My husband/CEO and I decided over the weekend to offer unlimited paid time off to every one of our staff, no strings attached.
In our minds, it was a matter of respecting our colleagues as adults and teammates.
We would set the goals and milestones, and let them decide how to get there.
When we made the announcement on January 25, 2010, you could’ve heard a pin drop, and then smiles spread all around the room.
We felt proud, elated, and rebellious all at the same time.
What Makes A News Story?
I was so excited I thought it would be fun to share this news. After all, how many companies have the cojones to do something like this? We knew it wouldn’t become a top news story, but perhaps we could get a little blip in the paper!
(Here’s where I note I had been studiously sending out old-school, boring press releases for about 10 years with little or no effect. Facepalm. I’m a business owner, not a PR professional, folks.)
Read Content from the Outlets and Journalists You’re Targeting
At the time, I was a big fan of the Seattle Times, which was led by journalist/blogger Monica Guzman. I read it consistently, but only interacted a couple of times. Based on reading her content over a long period of time, I knew that this was the type of story she might like.
I sent her a quick dashed off email. All of two sentences, including something like, “Hey, just thought you might like to know that we’ve just announced a policy of unlimited paid leave for all of our employees, no strings attached.”
In preparing this Spin Sucks story, I asked Monica what she thought when she saw my original email.
“I do remember your email making me stop and go, “Hmmm…”It was a bold step, and I was curious how common the practice was, or was becoming. It seemed ripe for conversation, and I appreciated the short, to the point email that didn’t try to dress up the topic.”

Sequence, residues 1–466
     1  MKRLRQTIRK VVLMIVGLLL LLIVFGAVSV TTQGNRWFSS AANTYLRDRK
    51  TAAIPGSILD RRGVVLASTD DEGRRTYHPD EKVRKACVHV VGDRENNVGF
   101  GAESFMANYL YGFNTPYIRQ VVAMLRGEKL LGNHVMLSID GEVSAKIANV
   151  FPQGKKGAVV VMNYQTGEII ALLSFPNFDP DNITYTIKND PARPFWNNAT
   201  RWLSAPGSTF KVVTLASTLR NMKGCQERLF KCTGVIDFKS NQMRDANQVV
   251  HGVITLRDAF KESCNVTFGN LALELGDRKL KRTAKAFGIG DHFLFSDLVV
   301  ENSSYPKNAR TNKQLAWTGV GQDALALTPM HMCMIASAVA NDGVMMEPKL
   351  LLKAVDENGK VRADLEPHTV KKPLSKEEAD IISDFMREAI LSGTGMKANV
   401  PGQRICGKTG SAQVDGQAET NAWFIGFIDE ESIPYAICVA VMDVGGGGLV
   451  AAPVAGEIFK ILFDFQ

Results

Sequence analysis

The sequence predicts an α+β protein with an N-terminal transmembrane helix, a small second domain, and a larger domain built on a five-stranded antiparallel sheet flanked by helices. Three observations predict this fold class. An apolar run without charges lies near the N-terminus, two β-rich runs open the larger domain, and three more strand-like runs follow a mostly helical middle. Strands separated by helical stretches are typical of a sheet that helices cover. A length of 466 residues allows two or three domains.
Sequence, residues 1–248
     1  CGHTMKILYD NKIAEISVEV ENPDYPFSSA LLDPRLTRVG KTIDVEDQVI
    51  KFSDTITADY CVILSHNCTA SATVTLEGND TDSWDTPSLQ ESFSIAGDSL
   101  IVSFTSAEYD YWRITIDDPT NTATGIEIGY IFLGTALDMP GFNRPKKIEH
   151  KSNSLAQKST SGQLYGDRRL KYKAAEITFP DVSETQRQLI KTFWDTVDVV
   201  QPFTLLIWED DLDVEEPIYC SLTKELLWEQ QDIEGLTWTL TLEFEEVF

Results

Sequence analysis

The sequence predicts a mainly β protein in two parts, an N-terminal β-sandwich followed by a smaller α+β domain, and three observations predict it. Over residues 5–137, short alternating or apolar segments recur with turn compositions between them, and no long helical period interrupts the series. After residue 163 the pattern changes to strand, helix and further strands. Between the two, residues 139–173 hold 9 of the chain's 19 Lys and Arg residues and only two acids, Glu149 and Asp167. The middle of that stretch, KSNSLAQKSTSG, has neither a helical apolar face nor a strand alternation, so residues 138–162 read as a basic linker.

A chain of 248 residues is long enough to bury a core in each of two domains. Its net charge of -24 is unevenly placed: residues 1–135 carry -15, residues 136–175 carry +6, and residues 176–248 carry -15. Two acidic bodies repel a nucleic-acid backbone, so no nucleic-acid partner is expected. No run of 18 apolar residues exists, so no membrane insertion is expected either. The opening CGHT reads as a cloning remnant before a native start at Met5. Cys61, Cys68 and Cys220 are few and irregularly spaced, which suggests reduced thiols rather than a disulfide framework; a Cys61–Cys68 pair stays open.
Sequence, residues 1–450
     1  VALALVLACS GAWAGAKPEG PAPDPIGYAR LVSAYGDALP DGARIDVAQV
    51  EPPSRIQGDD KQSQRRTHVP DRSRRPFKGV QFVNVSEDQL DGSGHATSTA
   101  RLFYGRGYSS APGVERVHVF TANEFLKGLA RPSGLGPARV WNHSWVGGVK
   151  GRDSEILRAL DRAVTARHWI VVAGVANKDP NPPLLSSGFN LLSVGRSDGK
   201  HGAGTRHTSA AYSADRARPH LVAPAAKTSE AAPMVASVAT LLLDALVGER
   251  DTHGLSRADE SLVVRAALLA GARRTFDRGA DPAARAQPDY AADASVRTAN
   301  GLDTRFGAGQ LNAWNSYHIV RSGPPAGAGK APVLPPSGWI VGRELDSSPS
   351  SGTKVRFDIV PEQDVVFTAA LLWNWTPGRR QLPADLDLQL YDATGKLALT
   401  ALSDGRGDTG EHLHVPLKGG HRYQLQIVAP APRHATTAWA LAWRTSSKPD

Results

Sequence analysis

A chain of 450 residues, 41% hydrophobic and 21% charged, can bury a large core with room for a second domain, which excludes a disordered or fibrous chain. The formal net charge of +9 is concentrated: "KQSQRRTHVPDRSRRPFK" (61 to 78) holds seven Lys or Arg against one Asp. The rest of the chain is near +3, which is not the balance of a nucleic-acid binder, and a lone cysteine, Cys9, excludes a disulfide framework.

The next day, she wrote a brief story on the Seattle Times blog. We were psyched.
Be Ready for Success When it Comes
The day after that, the phone was ringing off the hook…local news was first, vying to get the interview. I gave a TV interview on the sidewalk outside my son’s basketball game. Yeah, that was surreal.
The snowball kept rolling, and we ultimately got coverage on CNN Headline news, Fox & Friends, the Wall Street Journal, multiple radio shows, the BBC, HR Executive, and more. There have been followups during the last three years as well, including a detailed interview on All Things Considered on NPR.
Business Lessons and Takeaways from the “Kerfluffle”
Don’t keep doing something if it’s not getting the results you want. If you are churning out traditional news releases and not getting anywhere, evaluate your strategy. Or hire a pro (hey, I know some people…).
Find the media outlets and journalists who write in your niche, and read their content consistently. Get intimately familiar with their topics, likes, dislikes, and style. Be genuinely interested in their material.
- Be brief and to-the-point. Always. Everywhere.
- Be flexible. If the news outlet needs to bump you, move your time slot, or hold the interview on the sidewalk, roll with it.
- Be ready. Almost every interviewer ended with “is there anything else we should know?” Have your 30 second answer to that question ready and down cold.
- Be camera-ready. If you’re lobbing out a news item you hope will get coverage, go get your hair color touched up, buy a camera-friendly suit, and be ready for your closeup.
Journalists pay attention to each other. Once I sent out the initial email, I did nothing to keep the ball rolling. Every bit of coverage after that was the result of journalists picking up the story (some without even talking with us). I didn’t know we were featured on CNN until my parents called me.
I had sweaty palms when I clicked “send” on that random email. But I did it anyway. Follow your gut instincts and don’t be afraid to take a leap.
What are your best tips for making that initial publicity spark?